I thought about critically analyzing the pastoral letter as my follow-up entry since it'll bring more clarity to the issues at hand, however, I've changed my mind. Instead, I'll examine Arvin's dreadful comments regarding my previous post: The Philippine RH Bill A Clear-Cut Solution. I hope you'll enjoy reading it as much as I enjoyed writing it.
First of all, it is false that CBCP is against family planning programs when they are agree in a family exercising Natural Family Planning.
Yes, it was indeed an error from my part. I should have explained and pointed out further that: with the numerous advances in technology (proven both safe and effective) towards preventing an unwanted pregnancy, the local priests preach instead for women to try guessing their egg-cycles. Now, isn't natural family planning's end-goal is inasmuch the same goal of artificial family planning? Then why should women bother themselves with these primitive yet complicated means of contraception? The main point here is that the Church's Morality should NOT in any manner encroach the FREEDOM OF CHOICE OF BOTH MEN AND WOMEN LET IT BE REPRODUCTIVE OR ANY OTHER. Should we allow morality to permeate our life decisions it will be an individual-to-individual basis.
Isn't the reasons stated why they are against RH bill by the Bishop in the Pastoral Letter are valid like population doesn't have correlation with poverty, that we are not overpopulated actually, and that we must address the true cause of poverty like wrong philosophy of development of our country, corruption and wrong education system? Since what they say about that is true, now, it doesn't follow that RH bill is a clear cut solution. And me reading the phrase "clear-cut" solution is like jumping in conclusion because by just thinking about its after effect, it is doubtful to think that we will solve many problems at one shot.
I'd hate to do a lecture but "Population having no relationship with poverty" is in-itself entirely misleading. The layman's explanation for this is that more people will have to compete for resources and in the Philippine context, we barely have any left. I guess you wouldn't trouble looking up our national budget for that. Nobody even has the authority either to claim that a country is overpopulated OR NOT since there is no quantitative criteria for telling that a country is overpopulated; it is but a qualitative term. But that doesn't mean that we shouldn't curb the exponential growth of population because of limited resources. The global demand for food and employment however are both measurable phenomena and I am telling you that it is in a very alarming level which our country is not exclusive from.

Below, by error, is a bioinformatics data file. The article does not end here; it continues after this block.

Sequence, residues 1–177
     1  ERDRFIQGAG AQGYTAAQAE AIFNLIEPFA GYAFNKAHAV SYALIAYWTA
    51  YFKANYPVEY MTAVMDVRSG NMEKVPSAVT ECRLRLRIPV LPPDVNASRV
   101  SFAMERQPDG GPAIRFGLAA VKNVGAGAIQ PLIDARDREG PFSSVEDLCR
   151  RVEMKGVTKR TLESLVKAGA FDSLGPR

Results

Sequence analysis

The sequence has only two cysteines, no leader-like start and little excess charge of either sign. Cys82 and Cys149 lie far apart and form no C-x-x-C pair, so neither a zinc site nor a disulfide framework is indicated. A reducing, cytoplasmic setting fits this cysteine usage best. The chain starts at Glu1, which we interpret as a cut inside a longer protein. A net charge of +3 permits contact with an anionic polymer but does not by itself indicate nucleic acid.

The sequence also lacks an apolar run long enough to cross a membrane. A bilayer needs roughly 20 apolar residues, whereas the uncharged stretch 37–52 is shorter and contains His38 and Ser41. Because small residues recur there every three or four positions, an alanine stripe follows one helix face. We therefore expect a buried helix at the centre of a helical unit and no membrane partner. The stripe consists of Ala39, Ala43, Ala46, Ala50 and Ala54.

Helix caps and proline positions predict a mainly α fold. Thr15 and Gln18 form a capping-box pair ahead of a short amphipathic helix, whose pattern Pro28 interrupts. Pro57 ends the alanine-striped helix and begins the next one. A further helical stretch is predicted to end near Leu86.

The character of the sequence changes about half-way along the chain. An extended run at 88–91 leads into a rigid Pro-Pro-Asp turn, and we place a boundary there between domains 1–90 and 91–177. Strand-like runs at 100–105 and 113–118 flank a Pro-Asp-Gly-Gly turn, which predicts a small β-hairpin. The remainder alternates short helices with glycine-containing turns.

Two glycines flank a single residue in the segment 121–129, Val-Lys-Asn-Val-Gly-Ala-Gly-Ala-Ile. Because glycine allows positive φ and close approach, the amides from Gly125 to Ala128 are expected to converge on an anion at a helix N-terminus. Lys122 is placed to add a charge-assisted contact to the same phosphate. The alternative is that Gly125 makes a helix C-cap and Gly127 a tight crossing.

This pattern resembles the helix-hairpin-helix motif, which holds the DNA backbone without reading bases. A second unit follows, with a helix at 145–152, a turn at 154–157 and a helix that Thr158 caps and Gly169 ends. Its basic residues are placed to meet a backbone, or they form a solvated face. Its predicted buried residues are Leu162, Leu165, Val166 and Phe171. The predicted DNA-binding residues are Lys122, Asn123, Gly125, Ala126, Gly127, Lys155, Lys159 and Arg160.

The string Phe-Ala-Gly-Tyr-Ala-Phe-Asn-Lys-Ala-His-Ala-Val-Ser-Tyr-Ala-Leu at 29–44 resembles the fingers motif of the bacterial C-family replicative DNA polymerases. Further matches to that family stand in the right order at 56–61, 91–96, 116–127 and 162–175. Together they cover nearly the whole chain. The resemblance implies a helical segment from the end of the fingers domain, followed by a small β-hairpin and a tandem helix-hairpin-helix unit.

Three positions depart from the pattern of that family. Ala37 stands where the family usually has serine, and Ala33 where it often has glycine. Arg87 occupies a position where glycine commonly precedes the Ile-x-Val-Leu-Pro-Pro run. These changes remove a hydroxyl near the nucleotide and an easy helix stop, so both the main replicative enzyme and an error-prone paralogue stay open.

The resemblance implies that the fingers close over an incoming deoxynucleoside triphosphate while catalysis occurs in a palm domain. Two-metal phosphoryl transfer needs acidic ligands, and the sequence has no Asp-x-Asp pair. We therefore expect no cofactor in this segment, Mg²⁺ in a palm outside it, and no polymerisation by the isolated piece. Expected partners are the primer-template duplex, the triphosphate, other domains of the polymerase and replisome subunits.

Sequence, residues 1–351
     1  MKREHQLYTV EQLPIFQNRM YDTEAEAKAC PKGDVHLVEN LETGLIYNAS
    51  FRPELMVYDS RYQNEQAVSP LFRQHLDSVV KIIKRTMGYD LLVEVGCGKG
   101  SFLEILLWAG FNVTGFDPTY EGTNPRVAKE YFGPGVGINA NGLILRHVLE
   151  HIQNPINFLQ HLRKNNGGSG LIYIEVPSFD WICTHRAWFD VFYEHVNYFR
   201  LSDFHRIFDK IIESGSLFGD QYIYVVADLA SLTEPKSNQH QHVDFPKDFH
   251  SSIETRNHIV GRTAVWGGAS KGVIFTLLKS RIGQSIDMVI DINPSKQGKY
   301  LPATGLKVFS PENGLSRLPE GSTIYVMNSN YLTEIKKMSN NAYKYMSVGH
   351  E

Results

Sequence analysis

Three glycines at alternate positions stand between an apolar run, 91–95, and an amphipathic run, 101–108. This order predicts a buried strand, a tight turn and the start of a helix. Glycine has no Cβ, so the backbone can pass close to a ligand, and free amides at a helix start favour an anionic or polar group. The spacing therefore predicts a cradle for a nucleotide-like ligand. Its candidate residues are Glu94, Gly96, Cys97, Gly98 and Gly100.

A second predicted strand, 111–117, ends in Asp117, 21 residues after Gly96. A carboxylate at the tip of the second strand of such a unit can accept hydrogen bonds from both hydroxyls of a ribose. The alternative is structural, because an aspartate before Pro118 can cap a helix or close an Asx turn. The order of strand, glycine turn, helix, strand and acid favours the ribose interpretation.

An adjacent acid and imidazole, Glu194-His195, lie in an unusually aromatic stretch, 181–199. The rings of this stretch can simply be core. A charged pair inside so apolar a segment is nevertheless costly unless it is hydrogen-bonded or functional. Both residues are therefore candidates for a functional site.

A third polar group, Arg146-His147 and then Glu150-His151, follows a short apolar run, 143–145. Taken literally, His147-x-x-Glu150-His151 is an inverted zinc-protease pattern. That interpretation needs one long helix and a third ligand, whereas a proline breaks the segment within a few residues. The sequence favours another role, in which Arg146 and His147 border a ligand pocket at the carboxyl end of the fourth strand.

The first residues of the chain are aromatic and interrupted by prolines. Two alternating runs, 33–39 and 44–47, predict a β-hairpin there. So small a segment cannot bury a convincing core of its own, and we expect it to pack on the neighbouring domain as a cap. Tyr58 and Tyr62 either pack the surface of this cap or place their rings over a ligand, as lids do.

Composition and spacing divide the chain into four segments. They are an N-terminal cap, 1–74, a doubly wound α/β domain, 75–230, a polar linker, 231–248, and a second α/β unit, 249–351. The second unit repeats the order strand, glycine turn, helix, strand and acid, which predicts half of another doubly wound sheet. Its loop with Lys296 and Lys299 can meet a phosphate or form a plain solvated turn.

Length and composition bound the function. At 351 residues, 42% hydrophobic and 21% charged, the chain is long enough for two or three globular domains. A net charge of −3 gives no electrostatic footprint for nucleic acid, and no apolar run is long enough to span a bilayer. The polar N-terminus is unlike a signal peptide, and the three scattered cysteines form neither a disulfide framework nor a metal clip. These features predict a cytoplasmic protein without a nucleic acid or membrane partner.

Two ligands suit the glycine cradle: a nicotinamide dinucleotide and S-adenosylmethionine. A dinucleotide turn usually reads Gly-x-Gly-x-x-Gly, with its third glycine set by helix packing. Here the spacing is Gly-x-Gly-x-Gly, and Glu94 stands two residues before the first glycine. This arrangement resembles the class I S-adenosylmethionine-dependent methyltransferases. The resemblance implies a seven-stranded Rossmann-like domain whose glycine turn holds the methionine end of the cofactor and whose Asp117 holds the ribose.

Let's measure the motives of government and bishops. What personal interest would bishops and priests gain when they would be successful on stopping the passing of RH bill? I can't think of any and it is contrary to what may government gain. And that is either money or conscience or both. Money is the motive because passing of this bill will a create a massive project where profit can be massive; Conscience is another motive because contraceptives, from the word itself is against life and against the command of God na magpakarami, will be light on our conscience when it will be a law since anything in the law is for the good.
As for the motives of the clergy, my most feasible hypothesis would be that they are revolting to preserve the tradition of their canonical laws. This is unfair because their canon laws and scriptures solely apply to them, not to the Filipino people as a nation. On the contrary, just so you know, that instead of gaining profits, the government will have to fund this RH Bill, now known as the Responsible Parenthood Bill. Therefore, it is a debit not a credit to the national budget.
I have been stupendously aghast the moment you quoted "God" and "his command" in your reply. For the last time, your teachings and preachings are ENTIRELY LIMITED TO YOU AND YOUR CHRISTIANHOOD. Do not compromise our nation's democracy for your own religious propagandas because we have different beliefs. Respect that.